An interview with Carmel Arthur

“It doesn’t necessarily matter what the circumstances are, it’s the learnings that you get”, Carmel Arthur

On Sunday 16th August 1998, Carmel Arthur’s life changed forever. Nursing her seven week old baby boy while on maternity leave from her projector manager role in the construction industry. Arthur’s husband, Senior Constable Rodney Miller was murdered, along with his partner Sergeant Gary Silk while working a covert operation in armed robbery.

What followed for Arthur was a seven year journey with the criminal justice system as she progressed through Miller’s murder trial, ultimately leading to her current role with the Victorian Police and positions on the The Adult Parole Board of Victoria and Sentencing Advisory Council.

Arthur felt her social conscious and ethics challenged early in her journey when she was gripped by feelings of retribution, intense and difficult emotions she had never experienced before and wondered if she would ever move beyond. She came to understand her ability to respond to something can be temporary and the feeling of seeking retribution was simply a step in the grieving process. A step she felt she could move past when she received procedural justice.

“Procedural justice, very simply, is about ensuring a fair process will ensure a fair outcome. That outcome may not necessarily be an outcome that you like, but it is an outcome you can live with because you feel that you’ve been engaged in the process” explains Arthur.

Her own experience led her to become a passionate advocate for procedural justice believing if a victim of crime feels they have not been treated fairly or heard, they may be left suffering in silence, hindering the grieving process and leaving them in a position from which is it difficult to recover.

A new mother thrown into the process of a major criminal investigation while experiencing enormous personal grief, Arthur believes some practical things helped her find an element of balance. She adopted a routine of spending Monday to Friday in her brother’s home dealing with the investigation, being Miller’s widow and retreating to the sanctuary of her bayside home on weekends, once again returning to her own identity of Carmel Arthur. This helped her separate her temporary circumstances around the investigation from the core of who she actually was. Other practical arrangements made prior to Miller’s death such as a will, superannuation and insurance proved to be a helpful in navigating the personal legal side of her circumstances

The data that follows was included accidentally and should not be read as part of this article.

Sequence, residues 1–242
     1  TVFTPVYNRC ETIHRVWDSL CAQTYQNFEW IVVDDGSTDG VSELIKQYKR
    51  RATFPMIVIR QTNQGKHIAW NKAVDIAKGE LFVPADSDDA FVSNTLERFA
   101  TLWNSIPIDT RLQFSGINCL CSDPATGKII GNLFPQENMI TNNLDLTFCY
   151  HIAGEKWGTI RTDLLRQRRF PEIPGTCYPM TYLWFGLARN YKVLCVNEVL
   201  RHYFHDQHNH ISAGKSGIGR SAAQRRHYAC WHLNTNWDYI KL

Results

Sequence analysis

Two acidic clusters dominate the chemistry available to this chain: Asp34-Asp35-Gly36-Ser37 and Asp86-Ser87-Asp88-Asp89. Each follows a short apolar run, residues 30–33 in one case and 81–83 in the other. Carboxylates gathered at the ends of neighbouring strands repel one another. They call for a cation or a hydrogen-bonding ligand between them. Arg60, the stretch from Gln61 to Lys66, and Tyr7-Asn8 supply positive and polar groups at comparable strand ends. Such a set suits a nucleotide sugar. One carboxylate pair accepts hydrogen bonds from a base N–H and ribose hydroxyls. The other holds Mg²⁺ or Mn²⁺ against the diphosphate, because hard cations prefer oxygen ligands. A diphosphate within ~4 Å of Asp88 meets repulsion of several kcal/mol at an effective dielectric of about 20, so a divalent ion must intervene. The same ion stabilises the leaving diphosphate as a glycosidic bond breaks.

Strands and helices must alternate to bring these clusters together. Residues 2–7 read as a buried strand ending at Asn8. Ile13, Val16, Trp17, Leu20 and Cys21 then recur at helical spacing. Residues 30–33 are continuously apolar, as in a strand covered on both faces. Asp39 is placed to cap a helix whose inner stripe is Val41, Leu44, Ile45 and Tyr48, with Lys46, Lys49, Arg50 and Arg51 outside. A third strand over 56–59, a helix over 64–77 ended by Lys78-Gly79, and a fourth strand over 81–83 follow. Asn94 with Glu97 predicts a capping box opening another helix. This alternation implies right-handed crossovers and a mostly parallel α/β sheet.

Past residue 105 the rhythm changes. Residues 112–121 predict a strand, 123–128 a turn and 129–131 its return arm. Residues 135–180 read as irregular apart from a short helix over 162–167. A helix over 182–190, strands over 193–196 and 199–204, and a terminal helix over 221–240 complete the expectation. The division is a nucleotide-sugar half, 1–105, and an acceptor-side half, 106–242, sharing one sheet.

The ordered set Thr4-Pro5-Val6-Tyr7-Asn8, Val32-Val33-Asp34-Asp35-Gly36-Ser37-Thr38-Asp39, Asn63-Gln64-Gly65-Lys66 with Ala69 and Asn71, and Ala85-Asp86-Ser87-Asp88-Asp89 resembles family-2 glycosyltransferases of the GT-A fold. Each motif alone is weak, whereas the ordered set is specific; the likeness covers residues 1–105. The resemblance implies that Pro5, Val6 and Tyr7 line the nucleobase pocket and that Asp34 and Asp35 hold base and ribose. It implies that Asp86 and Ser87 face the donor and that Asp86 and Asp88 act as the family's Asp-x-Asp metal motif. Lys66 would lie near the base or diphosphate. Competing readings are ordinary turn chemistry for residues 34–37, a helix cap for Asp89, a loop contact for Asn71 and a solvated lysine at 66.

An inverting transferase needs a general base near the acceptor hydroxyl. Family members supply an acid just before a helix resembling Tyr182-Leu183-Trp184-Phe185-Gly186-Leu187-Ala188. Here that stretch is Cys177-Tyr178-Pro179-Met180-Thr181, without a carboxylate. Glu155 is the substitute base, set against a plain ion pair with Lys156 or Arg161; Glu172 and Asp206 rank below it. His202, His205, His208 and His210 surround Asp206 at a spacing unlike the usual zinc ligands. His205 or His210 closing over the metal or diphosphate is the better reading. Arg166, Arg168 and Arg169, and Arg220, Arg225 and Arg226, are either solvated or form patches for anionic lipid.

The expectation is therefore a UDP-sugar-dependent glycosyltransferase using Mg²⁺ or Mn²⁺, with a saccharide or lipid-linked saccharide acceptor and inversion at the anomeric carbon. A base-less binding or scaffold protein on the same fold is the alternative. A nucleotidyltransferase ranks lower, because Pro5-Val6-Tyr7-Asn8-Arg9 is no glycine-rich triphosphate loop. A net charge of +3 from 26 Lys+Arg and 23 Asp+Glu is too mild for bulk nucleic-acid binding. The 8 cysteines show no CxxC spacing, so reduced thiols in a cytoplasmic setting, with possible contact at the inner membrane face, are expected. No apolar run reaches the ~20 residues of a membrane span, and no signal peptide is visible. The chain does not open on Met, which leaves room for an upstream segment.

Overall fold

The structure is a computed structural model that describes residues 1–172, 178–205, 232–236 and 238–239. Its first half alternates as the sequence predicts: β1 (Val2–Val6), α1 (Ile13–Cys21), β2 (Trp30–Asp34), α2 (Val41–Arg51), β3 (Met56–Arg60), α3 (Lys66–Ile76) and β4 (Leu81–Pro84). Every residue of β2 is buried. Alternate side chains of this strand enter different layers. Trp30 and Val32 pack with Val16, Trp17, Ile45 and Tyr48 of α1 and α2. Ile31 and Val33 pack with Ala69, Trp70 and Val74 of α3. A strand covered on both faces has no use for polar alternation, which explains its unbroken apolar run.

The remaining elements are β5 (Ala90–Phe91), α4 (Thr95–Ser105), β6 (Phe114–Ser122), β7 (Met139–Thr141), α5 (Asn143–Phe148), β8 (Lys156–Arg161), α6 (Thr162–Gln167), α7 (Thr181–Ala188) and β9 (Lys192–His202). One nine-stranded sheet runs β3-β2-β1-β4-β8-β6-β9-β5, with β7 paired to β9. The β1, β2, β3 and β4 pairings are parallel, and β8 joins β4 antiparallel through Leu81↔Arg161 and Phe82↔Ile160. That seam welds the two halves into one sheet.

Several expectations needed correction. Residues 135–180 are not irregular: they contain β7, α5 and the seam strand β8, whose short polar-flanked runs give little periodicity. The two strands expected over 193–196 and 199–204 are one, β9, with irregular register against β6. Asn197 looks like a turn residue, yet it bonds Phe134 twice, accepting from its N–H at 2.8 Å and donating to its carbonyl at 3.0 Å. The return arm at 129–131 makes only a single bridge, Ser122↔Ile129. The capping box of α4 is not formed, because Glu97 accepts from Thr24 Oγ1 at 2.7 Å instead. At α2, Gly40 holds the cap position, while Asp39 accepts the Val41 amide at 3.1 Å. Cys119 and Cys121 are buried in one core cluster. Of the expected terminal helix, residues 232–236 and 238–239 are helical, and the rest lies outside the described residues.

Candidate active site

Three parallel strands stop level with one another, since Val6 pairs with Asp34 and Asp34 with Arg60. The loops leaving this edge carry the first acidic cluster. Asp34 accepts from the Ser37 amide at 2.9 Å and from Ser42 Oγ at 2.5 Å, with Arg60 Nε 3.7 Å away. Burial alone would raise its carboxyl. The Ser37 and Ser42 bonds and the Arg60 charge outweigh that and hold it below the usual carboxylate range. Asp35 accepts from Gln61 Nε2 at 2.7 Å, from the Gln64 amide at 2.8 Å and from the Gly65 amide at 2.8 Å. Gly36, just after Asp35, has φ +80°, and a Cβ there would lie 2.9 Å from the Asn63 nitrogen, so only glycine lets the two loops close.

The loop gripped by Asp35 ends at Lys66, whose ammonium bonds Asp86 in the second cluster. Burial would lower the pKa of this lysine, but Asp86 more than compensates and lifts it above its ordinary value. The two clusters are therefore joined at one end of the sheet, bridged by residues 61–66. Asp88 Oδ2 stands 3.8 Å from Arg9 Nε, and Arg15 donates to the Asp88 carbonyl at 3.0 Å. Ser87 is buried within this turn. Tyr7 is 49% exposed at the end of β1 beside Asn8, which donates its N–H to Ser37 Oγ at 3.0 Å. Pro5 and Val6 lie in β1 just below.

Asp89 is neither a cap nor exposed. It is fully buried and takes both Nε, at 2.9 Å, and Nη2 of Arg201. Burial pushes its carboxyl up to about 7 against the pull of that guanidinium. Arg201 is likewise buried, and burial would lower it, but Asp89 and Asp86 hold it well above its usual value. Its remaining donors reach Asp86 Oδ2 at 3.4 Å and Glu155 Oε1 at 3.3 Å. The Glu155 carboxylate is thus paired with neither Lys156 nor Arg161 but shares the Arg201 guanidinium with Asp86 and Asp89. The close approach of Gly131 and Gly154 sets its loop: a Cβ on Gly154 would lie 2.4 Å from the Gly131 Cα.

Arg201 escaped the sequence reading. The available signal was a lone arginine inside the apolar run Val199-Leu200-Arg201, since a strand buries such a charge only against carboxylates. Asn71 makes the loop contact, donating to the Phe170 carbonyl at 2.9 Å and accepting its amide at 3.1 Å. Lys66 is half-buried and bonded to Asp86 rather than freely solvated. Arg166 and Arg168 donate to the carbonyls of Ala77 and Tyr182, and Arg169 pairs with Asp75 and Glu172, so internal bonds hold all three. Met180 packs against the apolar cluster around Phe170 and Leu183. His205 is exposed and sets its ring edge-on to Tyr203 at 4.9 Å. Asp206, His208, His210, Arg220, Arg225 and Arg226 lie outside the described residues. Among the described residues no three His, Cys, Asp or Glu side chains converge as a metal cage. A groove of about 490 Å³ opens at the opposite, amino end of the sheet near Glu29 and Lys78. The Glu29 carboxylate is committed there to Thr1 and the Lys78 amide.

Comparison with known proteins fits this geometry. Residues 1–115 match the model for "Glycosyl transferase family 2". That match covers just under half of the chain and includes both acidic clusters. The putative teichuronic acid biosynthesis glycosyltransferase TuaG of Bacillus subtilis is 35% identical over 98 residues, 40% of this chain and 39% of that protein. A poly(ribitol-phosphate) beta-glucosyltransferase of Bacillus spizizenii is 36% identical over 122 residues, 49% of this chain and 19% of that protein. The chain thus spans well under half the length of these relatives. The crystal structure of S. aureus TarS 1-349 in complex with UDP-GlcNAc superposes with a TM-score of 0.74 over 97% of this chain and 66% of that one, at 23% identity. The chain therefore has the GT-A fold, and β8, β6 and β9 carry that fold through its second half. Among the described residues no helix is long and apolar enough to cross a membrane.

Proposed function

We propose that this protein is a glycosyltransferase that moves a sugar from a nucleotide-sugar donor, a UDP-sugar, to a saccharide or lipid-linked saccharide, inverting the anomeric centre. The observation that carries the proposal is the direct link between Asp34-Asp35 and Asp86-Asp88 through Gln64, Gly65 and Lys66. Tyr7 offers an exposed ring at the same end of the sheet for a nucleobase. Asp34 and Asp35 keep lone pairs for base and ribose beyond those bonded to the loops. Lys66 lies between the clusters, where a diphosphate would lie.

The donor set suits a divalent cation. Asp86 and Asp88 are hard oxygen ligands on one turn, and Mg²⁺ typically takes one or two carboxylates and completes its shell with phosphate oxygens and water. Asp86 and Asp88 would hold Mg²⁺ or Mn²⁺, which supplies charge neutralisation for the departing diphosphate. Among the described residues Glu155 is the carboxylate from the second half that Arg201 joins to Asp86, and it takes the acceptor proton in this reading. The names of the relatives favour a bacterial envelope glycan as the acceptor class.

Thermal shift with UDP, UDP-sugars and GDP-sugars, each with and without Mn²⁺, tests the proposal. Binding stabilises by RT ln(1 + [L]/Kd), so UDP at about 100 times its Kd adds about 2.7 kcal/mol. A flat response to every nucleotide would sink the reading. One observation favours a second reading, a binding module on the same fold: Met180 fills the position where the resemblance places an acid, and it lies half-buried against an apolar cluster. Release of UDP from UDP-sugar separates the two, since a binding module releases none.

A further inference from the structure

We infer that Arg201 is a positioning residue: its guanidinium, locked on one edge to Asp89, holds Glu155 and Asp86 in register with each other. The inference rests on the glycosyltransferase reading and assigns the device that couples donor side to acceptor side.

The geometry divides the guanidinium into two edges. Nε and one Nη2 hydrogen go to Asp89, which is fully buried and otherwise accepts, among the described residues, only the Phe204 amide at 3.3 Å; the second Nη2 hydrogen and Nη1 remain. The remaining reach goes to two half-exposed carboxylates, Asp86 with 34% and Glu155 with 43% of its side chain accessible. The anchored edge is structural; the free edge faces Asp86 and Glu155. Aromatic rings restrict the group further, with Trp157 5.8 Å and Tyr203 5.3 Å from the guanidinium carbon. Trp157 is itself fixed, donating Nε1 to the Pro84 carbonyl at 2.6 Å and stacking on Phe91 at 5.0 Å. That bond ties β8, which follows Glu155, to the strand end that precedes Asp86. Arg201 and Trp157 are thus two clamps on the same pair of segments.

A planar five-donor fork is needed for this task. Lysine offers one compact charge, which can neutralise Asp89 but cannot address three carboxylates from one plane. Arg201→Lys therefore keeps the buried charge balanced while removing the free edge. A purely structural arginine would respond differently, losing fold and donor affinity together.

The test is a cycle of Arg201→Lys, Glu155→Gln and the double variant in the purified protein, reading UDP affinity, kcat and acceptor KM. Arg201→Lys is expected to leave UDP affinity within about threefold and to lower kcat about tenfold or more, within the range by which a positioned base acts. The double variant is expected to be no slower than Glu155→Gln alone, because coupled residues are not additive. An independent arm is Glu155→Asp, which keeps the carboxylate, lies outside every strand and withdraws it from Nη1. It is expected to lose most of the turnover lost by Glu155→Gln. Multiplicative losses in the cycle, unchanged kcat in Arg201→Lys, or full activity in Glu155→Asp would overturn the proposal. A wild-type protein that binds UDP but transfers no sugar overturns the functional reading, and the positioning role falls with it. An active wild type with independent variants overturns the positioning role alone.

Arthur believes challenge is an enabler and it doesn’t necessarily matter what the circumstances are, it’s the learnings that you get from them. The learnings in leadership, emotional intelligence, resilience, and courage she saw bloom in front of her within many people involved in Miller’s trial are all transportable skills. Challenge helps you open yourself up to what is possible and sometimes we underestimate what we are capable of achieving, says Arthur.

Resources she drew on to move through her experience included a close relationship with her counsellor, who not only counselled Arthur through the trauma, but became a professional mentor and helped her return to the workforce.

On her appointment to the Sentencing Advisory Council in 2004, Arthur was adamant about mandatory sentencing, but 12 years on she believes it’s not the way to go, because every case has it’s own DNA. She calls for greater understanding around the ‘back end’ of criminal activity, factors including homelessness, drug addition, mental health and unemployment.

On a personal level, Arthur was remarried 10 years ago to Peter Silk, one of Gary Silk’s older brothers and since then have together raised Jimmy, Arthur’s son with Miller. A solid understanding of personal finances is something they have instilled in Jimmy with the simple concept of needs vs wants. If their son needs something, they will buy it, if he wants something, he must buy it. Arthur says this approach has been a winner and her son is judicious in what he asks for and also what he spends on.

Given the demands of the last 18 years, one of Carmel’s best investments has been the commitment to her mental and physical health. She exercises regularly and looks to disconnect from technology camping with her son. She is also known to watch the occasional Disney movie. Cinderella, she says, is not about a story about a woman getting a man, instead it’s a story about the qualities of grace, dignity, courage and kindness in the face of adversity. Qualities, given her own personal growth through tragedy, Arthur is very familiar with.

Listen to the full interview below: